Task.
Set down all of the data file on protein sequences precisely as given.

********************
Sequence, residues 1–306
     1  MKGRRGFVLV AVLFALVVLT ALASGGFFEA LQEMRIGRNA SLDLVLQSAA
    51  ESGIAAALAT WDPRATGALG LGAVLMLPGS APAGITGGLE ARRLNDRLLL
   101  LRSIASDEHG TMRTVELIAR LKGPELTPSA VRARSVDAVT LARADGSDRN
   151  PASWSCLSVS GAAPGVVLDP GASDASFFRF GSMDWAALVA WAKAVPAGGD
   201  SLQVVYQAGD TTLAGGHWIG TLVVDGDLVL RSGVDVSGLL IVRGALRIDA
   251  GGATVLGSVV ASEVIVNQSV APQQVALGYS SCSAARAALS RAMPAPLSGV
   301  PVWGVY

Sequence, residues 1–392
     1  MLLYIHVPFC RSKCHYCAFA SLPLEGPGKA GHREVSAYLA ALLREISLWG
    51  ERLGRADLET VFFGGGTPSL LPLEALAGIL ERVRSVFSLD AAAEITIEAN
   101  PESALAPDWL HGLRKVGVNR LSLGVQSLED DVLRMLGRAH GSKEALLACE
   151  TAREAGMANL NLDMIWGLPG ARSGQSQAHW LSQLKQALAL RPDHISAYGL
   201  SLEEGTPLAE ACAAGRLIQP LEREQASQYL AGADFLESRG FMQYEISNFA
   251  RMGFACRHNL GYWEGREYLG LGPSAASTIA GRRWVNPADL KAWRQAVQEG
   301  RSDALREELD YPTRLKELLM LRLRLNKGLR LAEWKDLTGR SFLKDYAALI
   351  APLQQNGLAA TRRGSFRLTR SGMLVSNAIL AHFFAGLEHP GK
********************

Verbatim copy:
Sequence, residues 1–306
     1  MKGRRGFVLV AVLFALVVLT ALASGGFFEA LQEMRIGRNA SLDLVLQSAA
    51  ESGIAAALAT WDPRATGALG LGAVLMLPGS APAGITGGLE ARRLNDRLLL
   101  LRSIASDEHG TMRTVELIAR LKGPELTPSA VRARSVDAVT LARADGSDRN
   151  PASWSCLSVS GAAPGVVLDP GASDASFFRF GSMDWAALVA WAKAVPAGGD
   201  SLQVVYQAGD TTLAGGHWIG TLVVDGDLVL RSGVDVSGLL IVRGALRIDA
   251  GGATVLGSVV ASEVIVNQSV APQQVALGYS SCSAARAALS RAMPAPLSGV
   301  PVWGVY

Sequence, residues 1–392
     1  MLLYIHVPFC RSKCHYCAFA SLPLEGPGKA GHREVSAYLA ALLREISLWG
    51  ERLGRADLET VFFGGGTPSL LPLEALAGIL ERVRSVFSLD AAAEITIEAN
   101  PESALAPDWL HGLRKVGVNR LSLGVQSLED DVLRMLGRAH GSKEALLACE
   151  TAREAGMANL NLDMIWGLPG ARSGQSQAHW LSQLKQALAL RPDHISAYGL
   201  SLEEGTPLAE ACAAGRLIQP LEREQASQYL AGADFLESRG FMQYEISNFA
   251  RMGFACRHNL GYWEGREYLG LGPSAASTIA GRRWVNPADL KAWRQAVQEG
   301  RSDALREELD YPTRLKELLM LRLRLNKGLR LAEWKDLTGR SFLKDYAALI
   351  APLQQNGLAA TRRGSFRLTR SGMLVSNAIL AHFFAGLEHP GK